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Interview: Judi St. Hilaire

Judi St. Hilaire on her way to a 16:18 masters win at the 2001 Freihofer's Run for Women
(Photo: Victah@Photo Run)

"I love the feeling of floating along when you're competing and pushing yourself to your limit, and then finding you've still got a little bit more. That's the thing that keeps me going -- that, and I love to compete."
Judi St. Hilaire Links
Brief Chats with Judi St. Hilaire: February 1996 | June 1998 | August 2000
September 1999: Wild win for St. Hilaire
1995: Ladies First: St. Hilaire wins 10k
UVM School Records

By Gordon Bakoulis

Judi St. Hilaire, 41, became the 2001 National Masters 5k Champion on June 2 by winning the masters division of the Freihofer's Run for Women 5K in Albany, NY, in 16:18 (good for fifth place overall), just 12 off the American masters record. She had scratched from the race due to injury, then reconsidered, confirming her entry the day before. St. Hilaire, of Somerset, MA, placed eighth in the 1992 Olympic 10,000 meters in Barcelona, setting her lifetime PR of 31:38.04 for the distance. A graduate of the University of Vermont, she has a 3,000-meter PR of 8:44.02 and a road 5k PR of 15:15. In 2000 she was the top masters finisher at the Peachtree Road Race, the Beach to Beacon 10K, the Falmouth Road Race, and the Ro-Jack's 5-Mile. We spoke to her by phone from her home several days after Freihofer's.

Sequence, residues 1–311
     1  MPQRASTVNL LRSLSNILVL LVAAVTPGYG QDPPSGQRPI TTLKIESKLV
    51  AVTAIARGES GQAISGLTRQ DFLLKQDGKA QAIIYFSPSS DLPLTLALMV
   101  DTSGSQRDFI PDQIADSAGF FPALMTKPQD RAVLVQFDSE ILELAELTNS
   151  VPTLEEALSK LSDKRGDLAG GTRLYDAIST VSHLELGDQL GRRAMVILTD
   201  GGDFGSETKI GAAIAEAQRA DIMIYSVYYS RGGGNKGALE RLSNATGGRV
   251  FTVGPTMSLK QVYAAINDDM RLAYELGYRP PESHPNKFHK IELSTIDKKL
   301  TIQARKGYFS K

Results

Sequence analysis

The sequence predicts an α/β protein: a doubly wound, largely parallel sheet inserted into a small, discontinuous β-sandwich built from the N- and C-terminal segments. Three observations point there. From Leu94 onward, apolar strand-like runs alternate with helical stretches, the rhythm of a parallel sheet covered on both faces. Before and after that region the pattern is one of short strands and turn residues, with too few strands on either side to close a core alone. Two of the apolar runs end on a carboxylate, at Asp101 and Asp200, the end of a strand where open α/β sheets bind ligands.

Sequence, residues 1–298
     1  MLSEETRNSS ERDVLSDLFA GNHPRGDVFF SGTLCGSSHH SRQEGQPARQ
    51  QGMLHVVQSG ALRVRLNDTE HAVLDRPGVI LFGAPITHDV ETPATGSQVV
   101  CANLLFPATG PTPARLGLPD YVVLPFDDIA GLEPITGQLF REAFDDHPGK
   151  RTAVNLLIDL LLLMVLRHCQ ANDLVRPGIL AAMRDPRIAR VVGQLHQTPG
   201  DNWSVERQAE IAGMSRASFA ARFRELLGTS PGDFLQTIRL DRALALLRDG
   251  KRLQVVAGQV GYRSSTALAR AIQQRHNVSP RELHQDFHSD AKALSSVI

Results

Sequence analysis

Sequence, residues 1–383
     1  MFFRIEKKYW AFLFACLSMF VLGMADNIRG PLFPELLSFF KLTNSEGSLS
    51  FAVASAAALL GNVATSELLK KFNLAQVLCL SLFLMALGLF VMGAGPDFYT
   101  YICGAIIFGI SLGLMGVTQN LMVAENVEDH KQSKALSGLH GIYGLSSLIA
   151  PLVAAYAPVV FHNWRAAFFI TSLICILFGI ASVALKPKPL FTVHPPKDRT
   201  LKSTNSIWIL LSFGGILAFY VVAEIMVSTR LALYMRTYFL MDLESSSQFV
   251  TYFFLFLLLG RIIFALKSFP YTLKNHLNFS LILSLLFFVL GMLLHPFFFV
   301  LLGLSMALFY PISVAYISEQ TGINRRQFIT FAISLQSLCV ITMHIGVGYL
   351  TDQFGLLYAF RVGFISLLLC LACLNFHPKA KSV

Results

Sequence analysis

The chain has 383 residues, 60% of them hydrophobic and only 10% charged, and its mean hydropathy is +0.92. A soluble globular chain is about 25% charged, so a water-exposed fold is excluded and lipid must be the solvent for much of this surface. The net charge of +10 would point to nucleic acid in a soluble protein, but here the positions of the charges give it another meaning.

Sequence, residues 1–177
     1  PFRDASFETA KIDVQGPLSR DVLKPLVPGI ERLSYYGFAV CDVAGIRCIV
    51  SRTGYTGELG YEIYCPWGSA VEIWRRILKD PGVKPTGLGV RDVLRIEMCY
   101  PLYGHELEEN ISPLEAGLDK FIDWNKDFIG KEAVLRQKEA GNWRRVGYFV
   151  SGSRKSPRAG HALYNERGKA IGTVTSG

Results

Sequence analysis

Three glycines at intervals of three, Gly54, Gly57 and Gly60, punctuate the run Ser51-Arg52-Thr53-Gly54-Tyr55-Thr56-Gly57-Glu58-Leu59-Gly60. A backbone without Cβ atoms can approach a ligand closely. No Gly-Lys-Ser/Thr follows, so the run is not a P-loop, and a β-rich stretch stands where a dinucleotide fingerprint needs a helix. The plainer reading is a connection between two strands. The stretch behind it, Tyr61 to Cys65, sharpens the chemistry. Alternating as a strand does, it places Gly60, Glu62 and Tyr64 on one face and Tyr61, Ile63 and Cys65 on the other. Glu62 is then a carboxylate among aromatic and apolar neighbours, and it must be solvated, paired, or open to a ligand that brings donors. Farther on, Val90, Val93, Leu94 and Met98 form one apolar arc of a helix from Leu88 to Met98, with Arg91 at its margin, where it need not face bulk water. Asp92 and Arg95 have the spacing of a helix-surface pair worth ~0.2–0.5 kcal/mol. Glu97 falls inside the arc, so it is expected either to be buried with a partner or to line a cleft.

Did you go into Freihofer's having realistic hopes of winning the masters division?
I definitely had realistic hopes. Last year was a close race. I tried to track down Carmen [Troncoso, the 2000 masters winner] in the last half mile and she beat me by three seconds, and that sort of stayed with me. When I finally decided that I was going to compete this spring, I was pointing toward this race, and hoping I could pull it off. The [masters] competition is getting tough. Mary Knisely is a master now, and from her past you know she has really good leg speed, and you just don't know what to expect. Carmen focuses on the track more than I do, and she's run 16:05 on the track as a master, if not faster. So you know she's capable of running fast. So [winning] was not a given, that's for sure.

What were the injuries you had going into the race?
It had been going on for two or three weeks before the race. A bone in my right foot, the talus [heel bone], tends to slip on me and when it does the ball of my foot gets really sore. I've had two surgeries on that in the past. I've also had plantar fasciitis and a neuroma, also in the right foot. So with all of that, it's always a bit of a hot spot for me, and it flares up at times. There'd been a lot of shifting going on, and even during the race I could feel it slipping, and causing pain down my ankle and into the ball of my foot. And then on top of that, at work the week before the race I had a pinched nerve in my neck, which was very painful. I work with my head down a lot, so I was having pain down into my shoulder, and pain and numbness down into my hand. This isn't your typical runner's injury [laughs], but you know, these kind of things just drain you. Pain drains you. I wasn't sleeping well, though it would calm down at night. It was worst when I was sitting with my head down. It was annoying, nagging, and with stuff like that you start losing your focus. I was asking myself, do I really want to stick my head in this caliber of field, feeling like I do?

Was it preventing you from training?
The last three weeks I hadn't done as much. I had done a 5k race in Providence [RI, Sergeant Steve Shaw 5K Memorial Road Race] two weeks before Freihofer's, and run 16:44, and I felt pretty good doing that. I did one workout on the treadmill between that and Freihofer's and had to just back off and be careful.